RCGPNI responds to review of medical school places in Northern Ireland

Publication date: 14 January 2019

Responding to the key findings and recommendations in the NI medical school places review, Chair of the Royal College of GPs NI Dr Grainne Doran said:

"Professor Gardiner's report outlines the stark realities facing the medical workforce in Northern Ireland. GPs and colleagues from other professions have been facing workforce challenges for many years as a result of a lack of planning and the College urges the Department to heed these findings and act immediately.

"The GP workforce has been changing over time. There is an increasing preference for modern work patterns, involving more flexible working and portfolio careers that involve a mix of working across general practice, hospital settings and community care services. We need to ensure we can meet the needs of both patients and professionals and having a sufficient stream of medical students and trainees across the various primary care professions is a key component of delivering this. 

"We know we currently do not have enough full-time equivalent GPs in NI working solely in primary care and that we will need even more GPs to meet patient need, as people live for longer with more chronic conditions. These complex conditions are best managed in primary care, providing general practice is properly resourced, staffed and supported and there is adequate space to host GP teams in fit-for-purpose buildings. Crucially, we need more medical students and need to ensure there is sufficient capacity to train and educate students, trainees and staff. We simply cannot transform our health services without these fundamental issues in primary care being addressed.

"Retention is a vital element of workforce stability; not only in doing more to decrease the number of students and trainees who leave NI to study, train and work elsewhere, but to retain the skills of our older colleagues who are considering retirement. Almost one quarter of GPs in NI are aged 55 and over, and we must do what we can to encourage them to stay within health and social care for as long as possible, so we do not lose their expertise.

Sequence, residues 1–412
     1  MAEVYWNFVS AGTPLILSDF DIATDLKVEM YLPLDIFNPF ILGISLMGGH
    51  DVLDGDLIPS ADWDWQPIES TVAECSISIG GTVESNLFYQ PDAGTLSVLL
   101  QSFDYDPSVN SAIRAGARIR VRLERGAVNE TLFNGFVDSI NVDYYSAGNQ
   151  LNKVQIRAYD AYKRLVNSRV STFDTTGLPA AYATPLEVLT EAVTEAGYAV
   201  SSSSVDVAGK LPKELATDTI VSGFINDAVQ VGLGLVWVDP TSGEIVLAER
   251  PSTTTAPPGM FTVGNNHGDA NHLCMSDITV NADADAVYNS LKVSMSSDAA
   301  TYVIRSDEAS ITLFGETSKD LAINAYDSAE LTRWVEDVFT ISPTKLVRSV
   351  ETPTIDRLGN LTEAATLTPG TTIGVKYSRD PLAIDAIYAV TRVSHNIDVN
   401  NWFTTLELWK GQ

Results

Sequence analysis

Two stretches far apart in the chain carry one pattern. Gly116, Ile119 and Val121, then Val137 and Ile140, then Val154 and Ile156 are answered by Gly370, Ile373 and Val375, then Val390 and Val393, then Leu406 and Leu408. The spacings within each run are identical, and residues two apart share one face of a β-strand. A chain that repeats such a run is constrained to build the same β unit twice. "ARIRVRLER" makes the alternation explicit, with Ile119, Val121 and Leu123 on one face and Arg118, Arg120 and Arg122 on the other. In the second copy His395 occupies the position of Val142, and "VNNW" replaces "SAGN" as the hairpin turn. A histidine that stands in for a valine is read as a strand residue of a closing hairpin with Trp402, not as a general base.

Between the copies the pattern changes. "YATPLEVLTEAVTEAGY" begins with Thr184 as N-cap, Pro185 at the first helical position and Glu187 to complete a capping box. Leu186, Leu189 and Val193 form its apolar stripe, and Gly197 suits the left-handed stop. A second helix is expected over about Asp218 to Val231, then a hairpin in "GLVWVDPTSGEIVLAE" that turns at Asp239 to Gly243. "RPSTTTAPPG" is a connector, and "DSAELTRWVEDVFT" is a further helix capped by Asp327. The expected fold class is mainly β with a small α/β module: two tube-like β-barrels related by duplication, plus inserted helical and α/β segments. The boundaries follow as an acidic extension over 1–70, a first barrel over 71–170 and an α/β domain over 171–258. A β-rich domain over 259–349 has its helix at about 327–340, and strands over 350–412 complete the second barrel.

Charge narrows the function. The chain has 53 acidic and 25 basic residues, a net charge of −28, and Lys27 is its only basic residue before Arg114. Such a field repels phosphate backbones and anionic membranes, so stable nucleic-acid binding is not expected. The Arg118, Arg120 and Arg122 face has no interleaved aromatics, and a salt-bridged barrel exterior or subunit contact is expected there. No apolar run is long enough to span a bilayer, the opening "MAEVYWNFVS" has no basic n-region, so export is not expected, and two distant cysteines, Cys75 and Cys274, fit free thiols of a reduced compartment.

"The figures in the medical school numbers report highlight the falling number of Foundation Doctors who enter directly into specialty training and this must be accounted for in workforce planning for the future. While RCGPNI welcomed the increase in GP training places to 111 per year, places are not being filled and recruiting into specialty training must remain a priority. 

"We also know that increasing training places is not enough in isolation to address GP workforce needs and we are pleased to see local and overseas recruitment campaigns acknowledged as a part of this solution. The College has been urging the Department to invest in a programme to attract people to live, work and train in Northern Ireland and the value of this has been recognised. We urge the Department to expedite robust plans for this work urgently. 

"The Department of Health's response to the review of medical school places once again highlights how the political stalemate continues to thwart some of the essential elements of healthcare transformation and it is clear that more must be done to prepare for the future and support the current struggling workforce. Last year, the HSC Workforce Strategy was published and the recommendations from today's report mainly lie within its remit. To date, there has been minimal transparency around the development of any action plans for taking this Strategy forward and we call on the Department to urgently put plans in place to address the serious challenges we are facing."
 

Further Information

Clare Higgins
07341 737 033
clare.higgins@rcgp.org.uk 

Notes to editor

The Royal College of General Practitioners is the largest membership organisation in the United Kingdom solely for GPs. It aims to encourage and maintain the highest standards of general medical practice and to act as the 'voice' of GPs on issues concerned with education; training; research; and clinical standards. Founded in 1952, the RCGP has just over 50,000 members who are committed to improving patient care, developing their own skills and promoting general practice as a discipline. RCGP NI represent over 1300 members in Northern Ireland.

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